Management call for new flows
Floodwaters have flowed into the Menindee Lakes for the first time in five years.
The Menindee Lakes consist of nine large, shallow lakes in far-western New South Wales.
For the first time since 2016 there is now enough water to open the gates between Lake Pamamaroo and Lake Menindee.
Derek Hardman, chief of the Barkandji Registered Native Title Group Aboriginal Corporation, says it is an emotional time.
“You don't know whether to smile, cry, laugh,” he told the ABC.
“It's pretty emotional when you've seen this landscape basically barren, dead, gone — everything that has relied on it, even us as people, our birds, animals, plants, I think they're all smiling. It's something to celebrate.
“Without water it kills our spirit, kills our culture, kills our emotions, and today looking at that brings all that back and I think there's hope.”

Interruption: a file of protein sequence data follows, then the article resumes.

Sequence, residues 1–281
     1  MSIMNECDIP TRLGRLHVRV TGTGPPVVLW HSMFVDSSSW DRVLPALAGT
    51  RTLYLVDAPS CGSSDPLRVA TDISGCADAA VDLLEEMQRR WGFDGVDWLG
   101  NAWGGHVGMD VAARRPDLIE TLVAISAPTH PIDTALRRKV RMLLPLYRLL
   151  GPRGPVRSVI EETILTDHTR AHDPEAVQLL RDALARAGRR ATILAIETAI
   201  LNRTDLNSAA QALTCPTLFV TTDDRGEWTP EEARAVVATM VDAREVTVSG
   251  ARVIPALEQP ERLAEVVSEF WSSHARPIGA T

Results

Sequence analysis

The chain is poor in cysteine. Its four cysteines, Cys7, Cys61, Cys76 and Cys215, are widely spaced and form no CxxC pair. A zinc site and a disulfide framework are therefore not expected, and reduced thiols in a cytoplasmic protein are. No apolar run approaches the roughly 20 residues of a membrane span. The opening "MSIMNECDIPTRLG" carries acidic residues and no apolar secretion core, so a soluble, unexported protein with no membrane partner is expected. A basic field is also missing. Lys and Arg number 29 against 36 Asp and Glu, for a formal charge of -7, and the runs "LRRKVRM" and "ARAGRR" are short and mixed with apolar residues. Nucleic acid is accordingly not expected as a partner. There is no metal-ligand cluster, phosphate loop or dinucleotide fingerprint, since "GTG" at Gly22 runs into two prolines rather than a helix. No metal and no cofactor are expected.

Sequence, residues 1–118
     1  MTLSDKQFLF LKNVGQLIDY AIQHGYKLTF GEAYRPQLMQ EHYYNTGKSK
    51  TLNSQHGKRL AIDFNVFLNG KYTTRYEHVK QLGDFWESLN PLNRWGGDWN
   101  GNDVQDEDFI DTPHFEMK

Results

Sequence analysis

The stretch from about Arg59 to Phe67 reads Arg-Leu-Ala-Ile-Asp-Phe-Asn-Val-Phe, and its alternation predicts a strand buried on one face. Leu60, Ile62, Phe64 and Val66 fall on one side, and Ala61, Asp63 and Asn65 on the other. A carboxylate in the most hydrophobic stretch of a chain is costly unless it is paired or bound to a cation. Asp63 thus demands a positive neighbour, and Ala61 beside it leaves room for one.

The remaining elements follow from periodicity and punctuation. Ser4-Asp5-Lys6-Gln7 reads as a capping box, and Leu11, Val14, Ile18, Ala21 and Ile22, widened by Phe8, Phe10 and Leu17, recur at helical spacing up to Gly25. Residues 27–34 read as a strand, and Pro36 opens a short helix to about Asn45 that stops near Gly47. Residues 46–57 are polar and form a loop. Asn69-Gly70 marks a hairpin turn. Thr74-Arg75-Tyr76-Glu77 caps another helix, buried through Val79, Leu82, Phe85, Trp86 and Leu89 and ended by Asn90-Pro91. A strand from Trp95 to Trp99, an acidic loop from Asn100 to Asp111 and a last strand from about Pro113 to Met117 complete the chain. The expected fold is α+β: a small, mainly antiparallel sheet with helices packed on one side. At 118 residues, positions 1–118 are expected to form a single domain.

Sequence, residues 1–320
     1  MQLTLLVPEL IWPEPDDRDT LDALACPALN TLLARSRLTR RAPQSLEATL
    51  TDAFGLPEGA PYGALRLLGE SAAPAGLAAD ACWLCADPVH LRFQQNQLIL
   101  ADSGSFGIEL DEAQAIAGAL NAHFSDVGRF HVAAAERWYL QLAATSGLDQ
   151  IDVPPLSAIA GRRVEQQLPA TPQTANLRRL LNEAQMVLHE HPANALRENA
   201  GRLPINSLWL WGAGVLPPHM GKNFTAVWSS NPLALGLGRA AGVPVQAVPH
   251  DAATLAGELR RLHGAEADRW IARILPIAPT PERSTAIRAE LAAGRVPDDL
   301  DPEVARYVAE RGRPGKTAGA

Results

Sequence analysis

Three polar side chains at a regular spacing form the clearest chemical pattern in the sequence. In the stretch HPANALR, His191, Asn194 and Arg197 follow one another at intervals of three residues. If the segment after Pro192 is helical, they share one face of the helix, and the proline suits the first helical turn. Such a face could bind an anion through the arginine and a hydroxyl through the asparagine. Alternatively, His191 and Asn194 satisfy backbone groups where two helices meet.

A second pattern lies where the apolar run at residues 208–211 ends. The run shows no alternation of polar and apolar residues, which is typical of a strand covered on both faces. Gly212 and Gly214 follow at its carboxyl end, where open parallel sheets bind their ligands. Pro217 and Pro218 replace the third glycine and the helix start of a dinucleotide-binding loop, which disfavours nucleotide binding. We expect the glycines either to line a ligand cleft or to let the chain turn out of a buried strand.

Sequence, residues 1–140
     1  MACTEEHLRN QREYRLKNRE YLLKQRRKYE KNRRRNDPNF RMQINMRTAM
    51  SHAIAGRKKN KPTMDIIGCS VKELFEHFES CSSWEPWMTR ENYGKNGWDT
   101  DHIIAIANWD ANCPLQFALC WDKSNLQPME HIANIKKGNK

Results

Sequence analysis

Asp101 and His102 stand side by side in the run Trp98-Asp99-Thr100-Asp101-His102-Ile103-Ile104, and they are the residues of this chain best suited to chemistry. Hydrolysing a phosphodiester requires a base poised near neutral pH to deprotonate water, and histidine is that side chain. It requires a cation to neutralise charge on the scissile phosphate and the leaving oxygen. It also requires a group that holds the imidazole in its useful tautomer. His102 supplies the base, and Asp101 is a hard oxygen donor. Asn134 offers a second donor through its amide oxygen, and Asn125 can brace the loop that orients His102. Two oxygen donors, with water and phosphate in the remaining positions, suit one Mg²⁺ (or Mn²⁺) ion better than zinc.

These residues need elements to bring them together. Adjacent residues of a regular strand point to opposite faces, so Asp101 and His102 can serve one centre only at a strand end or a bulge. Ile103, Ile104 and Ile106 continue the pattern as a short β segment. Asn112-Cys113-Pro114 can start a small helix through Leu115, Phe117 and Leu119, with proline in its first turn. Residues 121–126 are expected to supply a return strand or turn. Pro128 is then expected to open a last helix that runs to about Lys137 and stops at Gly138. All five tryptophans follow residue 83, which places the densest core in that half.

The Murray-Darling Basin Authority (MDBA) takes control from the NSW government when the water volume in the Menindee Lakes exceeds 640GL.
This will allow it to access water in the lakes on behalf of South Australia, Victoria and New South Wales.
When the lakes last filled, the MDBA released much of the water downstream to meet demand in the Murray-Darling system.
This was a controversial decision, and this time around, farmers in NSW say they hope management decisions will be better.
“Everybody wants as much water to be kept there for that community to enjoy," NSW Water Minister Melinda Pavey said.